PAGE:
RFA – Radio Free Asia (Autor)
Among the seven vehicles destroyed in the attack on the Kutkai-Muse highway were cargo trucks and a passenger bus, while from four to five other cars were seen leaving the scene in flames, sources told RFA’s Myanmar Service.
“Cars ahead of us had already stopped and were lined up, and we were told that our cars would be burned once we got there,” one woman said, adding that the men who stopped them on the road then robbed them of their possessions.
“They had accents. They took everything we had, including our money and phones,” she said. “We ran when shots were fired, and we don’t know what happened next. We took shelter at a house nearby.”
Others whose cars were burned also managed to escape, sources said, with one driver named Thaung Nyein saying he had first been allowed to pass a checkpoint set up by the unidentified troops.
“We asked the soldiers whether we could go through, and they said yes, so we kept driving,” Thaung Nyein said. “But a ten-wheel truck was blocking the way, and we couldn’t turn around, so we had to stop since we would be shot if we went back.”
Soldiers demanded their phones, car keys, and money, threatening to kill them all if they found anyone hiding phones, he said, adding that they were able to drive away only after extinguishing a fire that had been set to one of the cars.
“We were able to help four other cars that had also been burned,” he said.
Drivers and passengers of the burned vehicles spent the night in nearby Nan Khut village, with relief groups and authorities in Kutkai town helping them to return home in the morning, sources said.
Northern Alliance troops suspected
No group has claimed responsibility for the burnings on the highway, though some drivers said they believe their attackers were members of the Northern Alliance, a coalition of ethnic armed groups fighting government forces in northern Shan state.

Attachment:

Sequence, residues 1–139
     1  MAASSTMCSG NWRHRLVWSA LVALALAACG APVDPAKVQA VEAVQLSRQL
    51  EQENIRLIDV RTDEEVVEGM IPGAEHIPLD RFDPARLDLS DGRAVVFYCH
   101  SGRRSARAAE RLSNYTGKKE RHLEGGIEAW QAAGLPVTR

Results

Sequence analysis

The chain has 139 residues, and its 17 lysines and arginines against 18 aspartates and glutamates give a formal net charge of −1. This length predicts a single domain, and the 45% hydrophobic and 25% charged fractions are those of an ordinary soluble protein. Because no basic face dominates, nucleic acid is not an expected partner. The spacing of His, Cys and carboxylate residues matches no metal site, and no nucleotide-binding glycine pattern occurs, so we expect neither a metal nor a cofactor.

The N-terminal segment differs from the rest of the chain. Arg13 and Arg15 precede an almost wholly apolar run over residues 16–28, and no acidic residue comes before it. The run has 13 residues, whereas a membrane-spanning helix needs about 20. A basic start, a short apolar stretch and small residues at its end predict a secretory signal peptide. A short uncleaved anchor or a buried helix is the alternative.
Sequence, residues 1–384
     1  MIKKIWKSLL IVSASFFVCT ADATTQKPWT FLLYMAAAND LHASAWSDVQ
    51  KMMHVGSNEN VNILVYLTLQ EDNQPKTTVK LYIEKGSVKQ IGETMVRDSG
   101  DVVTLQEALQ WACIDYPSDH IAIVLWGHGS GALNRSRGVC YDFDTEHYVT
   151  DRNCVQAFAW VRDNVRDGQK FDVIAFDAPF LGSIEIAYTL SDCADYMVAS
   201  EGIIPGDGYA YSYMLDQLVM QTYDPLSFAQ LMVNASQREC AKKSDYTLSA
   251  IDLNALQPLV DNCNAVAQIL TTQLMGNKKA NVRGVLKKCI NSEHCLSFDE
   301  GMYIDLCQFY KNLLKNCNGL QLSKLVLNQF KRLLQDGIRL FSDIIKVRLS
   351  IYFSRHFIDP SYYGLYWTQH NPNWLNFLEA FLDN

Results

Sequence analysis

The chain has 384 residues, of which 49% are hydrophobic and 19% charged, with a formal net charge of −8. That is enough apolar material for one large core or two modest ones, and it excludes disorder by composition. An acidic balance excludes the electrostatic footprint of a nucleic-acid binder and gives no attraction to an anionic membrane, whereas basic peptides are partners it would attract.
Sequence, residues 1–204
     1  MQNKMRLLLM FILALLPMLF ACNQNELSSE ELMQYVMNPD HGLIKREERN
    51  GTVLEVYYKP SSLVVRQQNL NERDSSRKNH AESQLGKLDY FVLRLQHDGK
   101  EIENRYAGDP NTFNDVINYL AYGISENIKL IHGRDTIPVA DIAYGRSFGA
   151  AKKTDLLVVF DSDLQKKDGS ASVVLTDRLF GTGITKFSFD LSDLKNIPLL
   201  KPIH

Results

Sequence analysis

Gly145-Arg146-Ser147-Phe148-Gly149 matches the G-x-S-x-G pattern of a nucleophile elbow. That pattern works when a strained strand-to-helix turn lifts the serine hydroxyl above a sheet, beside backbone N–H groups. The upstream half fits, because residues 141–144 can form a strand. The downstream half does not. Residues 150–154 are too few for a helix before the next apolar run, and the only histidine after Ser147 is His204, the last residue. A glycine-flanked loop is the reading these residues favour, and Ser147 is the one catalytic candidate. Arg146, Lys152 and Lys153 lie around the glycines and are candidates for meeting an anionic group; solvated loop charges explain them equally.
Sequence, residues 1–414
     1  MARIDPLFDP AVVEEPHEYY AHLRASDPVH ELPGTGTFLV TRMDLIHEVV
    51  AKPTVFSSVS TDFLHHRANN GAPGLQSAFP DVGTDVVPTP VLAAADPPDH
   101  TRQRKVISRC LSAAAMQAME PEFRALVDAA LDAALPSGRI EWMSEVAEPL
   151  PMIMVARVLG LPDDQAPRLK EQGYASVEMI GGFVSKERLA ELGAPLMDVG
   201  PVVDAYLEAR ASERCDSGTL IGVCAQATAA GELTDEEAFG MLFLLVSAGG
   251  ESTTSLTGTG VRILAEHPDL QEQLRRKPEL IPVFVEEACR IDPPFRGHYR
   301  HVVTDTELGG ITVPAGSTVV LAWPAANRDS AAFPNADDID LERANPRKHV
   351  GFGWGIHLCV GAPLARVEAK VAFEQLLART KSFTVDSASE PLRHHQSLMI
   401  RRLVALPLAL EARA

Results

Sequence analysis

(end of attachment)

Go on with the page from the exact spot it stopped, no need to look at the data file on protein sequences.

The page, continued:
Some had traveled on the road in the belief that government troops had secured the area, a driver named Zar Ni said.
“Armed soldiers have been deployed in the area, so we thought the road would be safe.”
All the vehicles that were stopped were set on fire, he said. “But about four or five cars drove off while being burned.”
Reached for comment on Wednesday, a spokesman for a group belonging to the Northern Alliance denied his soldiers had set the fires, saying the vehicles may have been shelled by government troops.
“Fighting occurred yesterday at around 7:30 p.m. when the Tatmadaw [the Myanmar military] arrived as our group was traveling along the road near Nan Khut,” said Major Tar Aik Kyaw, spokesman of the Ta’ang National Liberation Army (TNLA).
“We received reports that artillery fire had been exchanged and that some cars had been hit, causing fires,” he said. “Two cars were already burning before our troops pulled out, and I don’t know how many more may have been on fire later.”
Asked why cars had been left blocking the road, the TNLA spokesman said that fighting has taken place in the area each day, adding, “There may have been traffic jams, but we don’t know any of the details for sure.”
Following Tuesday night’s attack, the toll gate at Kutkai was briefly closed early Wednesday morning but reopened at around 9 a.m., sources said.
Warnings have also been issued against travel on the Kutkai-Muse highway between the hours of 6 p.m. and 6 a.m.
Hundreds of villagers flee
On Monday, Myanmar forces launched helicopter attacks near Kutkai during fighting with the Northern Alliance, forcing hundreds of villagers in two communities to seek shelter in local Buddhist monasteries, area residents told RFA in earlier reports.
Additional fighting occurred near Nan Khut village close to Kutkai after Northern Alliance soldiers stopped vehicles on the road leading into town and ordered drivers to park them along the road, though traffic resumed by evening.
More than 2,000 civilians displaced by the hostilities have taken shelter in Kutkai since Aug. 17, though some have since returned to their homes, assuming the fighting was over, sources said.
The Northern Alliance includes the Kachin Independence Army (KIA), the Ta’ang National Liberation Army (TNLA), the Arakan Army (AA), and the Myanmar National Democratic Alliance Army (MNDAA).
This week's clashes came as the Northern Alliance and government peace negotiators failed to reach an agreement to end the fighting in northern Shan state at a meeting on Saturday in the eastern Shan town of Kengtung, the online journal The Irrawaddyreported, citing Brigadier-General Tar Phone Kyaw of the TNLA.
On Tuesday, the Northern Alliance issued a statement saying they are committed to Myanmar’s fragile peace process and will fight only for defensive purposes.
“Although we will not launch offensives, we will keep fighting against the offensive operations of the Myanmar military to defend ourselves,” said the statement.
Reported by Kan Thar for RFA’s Myanmar Service. Translated by Nandar Chann. Written in English by Richard Finney.
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